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Harold D. Clarke, Allan Kornberg, Faron Ellis and Jon Rapkin, "Not for Fame or Fortune: A Note on Membership and Activity in the Canadian Reform Party," Party Politics, 6 (January 2000), 75-93.

First Paragraph:
Who joins political parties? What prompts people to become active party members? What difference does party organizational activity make? These are questions of long-standing concern to students of political parties and elections (e.g. Janda, 1993). In recent years, interest in these questions has been invigorated by research demonstrating that local organizational activity can have significant effects on parties' vote shares (Whiteley et al.,1994; Huckfeldt and Sprague, 1995; Denver and Hands, 1997; see also Black, 1984). That local parties' campaign efforts continue to matter in an age of nationally orientated, media-centered politics suggests that a party's short-term successes and long-term prospects will be enhanced if it can attract members and mobilize them to work on the party's behalf. Local organizational activity is especially crucial for new parties because they typically lack the financial and political resources available to their oldline rivals.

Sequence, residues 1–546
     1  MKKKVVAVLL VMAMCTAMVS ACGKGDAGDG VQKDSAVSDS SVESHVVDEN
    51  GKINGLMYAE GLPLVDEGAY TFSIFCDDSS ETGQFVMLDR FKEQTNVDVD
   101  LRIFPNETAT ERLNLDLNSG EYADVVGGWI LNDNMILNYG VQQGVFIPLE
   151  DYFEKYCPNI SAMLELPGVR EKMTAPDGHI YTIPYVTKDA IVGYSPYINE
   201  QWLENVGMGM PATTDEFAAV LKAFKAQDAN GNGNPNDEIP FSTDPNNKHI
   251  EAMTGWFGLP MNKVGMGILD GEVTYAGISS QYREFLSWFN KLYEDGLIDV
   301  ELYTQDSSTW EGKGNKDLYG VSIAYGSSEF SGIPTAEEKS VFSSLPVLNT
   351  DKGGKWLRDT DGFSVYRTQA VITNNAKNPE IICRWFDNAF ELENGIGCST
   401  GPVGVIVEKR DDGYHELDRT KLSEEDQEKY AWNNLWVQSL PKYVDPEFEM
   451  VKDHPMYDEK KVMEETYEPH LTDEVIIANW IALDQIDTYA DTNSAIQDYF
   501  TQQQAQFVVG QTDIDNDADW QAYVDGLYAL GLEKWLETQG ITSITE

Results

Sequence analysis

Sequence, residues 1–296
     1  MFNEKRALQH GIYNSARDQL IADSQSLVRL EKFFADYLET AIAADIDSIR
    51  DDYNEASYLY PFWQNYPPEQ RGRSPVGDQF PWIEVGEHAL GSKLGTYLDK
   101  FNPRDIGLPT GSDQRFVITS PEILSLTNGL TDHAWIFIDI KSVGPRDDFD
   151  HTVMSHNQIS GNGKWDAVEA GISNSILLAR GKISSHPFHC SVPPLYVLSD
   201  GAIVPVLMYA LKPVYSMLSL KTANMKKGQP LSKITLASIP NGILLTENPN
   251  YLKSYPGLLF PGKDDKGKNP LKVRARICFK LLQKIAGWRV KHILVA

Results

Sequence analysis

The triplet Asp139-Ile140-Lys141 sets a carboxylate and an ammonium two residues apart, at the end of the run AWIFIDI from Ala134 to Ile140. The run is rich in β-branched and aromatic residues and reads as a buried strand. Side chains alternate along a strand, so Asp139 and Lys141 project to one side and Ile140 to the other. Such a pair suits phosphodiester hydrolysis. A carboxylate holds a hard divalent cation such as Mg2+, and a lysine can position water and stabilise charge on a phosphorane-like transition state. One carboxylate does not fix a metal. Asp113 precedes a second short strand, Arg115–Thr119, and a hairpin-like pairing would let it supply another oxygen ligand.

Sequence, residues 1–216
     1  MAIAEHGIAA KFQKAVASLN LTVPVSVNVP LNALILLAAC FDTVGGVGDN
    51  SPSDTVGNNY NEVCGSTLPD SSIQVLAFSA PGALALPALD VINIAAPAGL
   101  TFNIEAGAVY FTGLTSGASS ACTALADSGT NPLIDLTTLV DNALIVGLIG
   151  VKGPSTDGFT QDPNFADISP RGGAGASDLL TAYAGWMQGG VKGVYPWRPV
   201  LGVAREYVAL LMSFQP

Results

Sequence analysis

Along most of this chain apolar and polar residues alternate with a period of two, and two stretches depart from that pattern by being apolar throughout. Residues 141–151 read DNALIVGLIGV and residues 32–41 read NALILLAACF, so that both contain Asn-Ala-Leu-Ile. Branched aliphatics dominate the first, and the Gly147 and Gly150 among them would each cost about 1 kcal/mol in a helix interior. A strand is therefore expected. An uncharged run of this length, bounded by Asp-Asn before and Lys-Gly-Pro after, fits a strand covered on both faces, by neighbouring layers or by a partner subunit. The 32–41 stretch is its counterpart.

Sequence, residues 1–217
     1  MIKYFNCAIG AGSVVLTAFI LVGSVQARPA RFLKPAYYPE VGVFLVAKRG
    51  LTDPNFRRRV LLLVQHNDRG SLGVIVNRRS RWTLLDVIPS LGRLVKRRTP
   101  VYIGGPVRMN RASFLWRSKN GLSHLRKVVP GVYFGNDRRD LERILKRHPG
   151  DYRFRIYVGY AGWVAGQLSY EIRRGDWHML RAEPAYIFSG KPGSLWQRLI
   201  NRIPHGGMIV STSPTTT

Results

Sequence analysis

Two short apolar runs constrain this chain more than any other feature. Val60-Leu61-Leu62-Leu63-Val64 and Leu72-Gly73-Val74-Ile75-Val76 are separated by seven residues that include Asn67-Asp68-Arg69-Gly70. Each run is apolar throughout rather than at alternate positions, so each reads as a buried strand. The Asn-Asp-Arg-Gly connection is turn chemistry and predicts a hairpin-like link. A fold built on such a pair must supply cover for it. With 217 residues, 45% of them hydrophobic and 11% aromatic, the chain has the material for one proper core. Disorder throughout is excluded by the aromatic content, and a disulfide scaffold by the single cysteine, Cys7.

Figures and Tables:
Table 1: The demographics of Reform party support, 1993 (%)
Table 2: Evaluations of the performance of Canadian political parties, 1993 (%)
Table 3: Reasons for becoming a member of the Reform Party, 1993 national survey (%)
Table 4: Reform party members' evaluations of government performance, 1993 (%)
Table 5: Distribution of Reform members on left-right ideological continuum, 1993 (%)
Table 6: Attitudes of Reform members towards direct democracy devices, 1993 (%)
Table 7: Recruitment and activity profiles of Reform party members, 1993
Table 8: Multiple regression analysis of factors affecting party activism among Reform party members, 1993

Last Paragraph:
Whether the party can rally the cohort of Ontario voters it needs to continue its march to national power remains to be seen. However, in an era when skyrocketing campaign costs place new parties at a severe disadvantage, the membership of parties like Reform provides a significant counterweight: low maintenance costs, ideological coherence and organizational stability all derive from members who require 'neither fame nor fortune' as incentives to contribute their money and their time to the cause. In combination with the ability to translate votes into seats, such a membership base can help new parties to gain entry to, and perhaps permanently reshape, long-lived and seemingly invulnerable national party systems.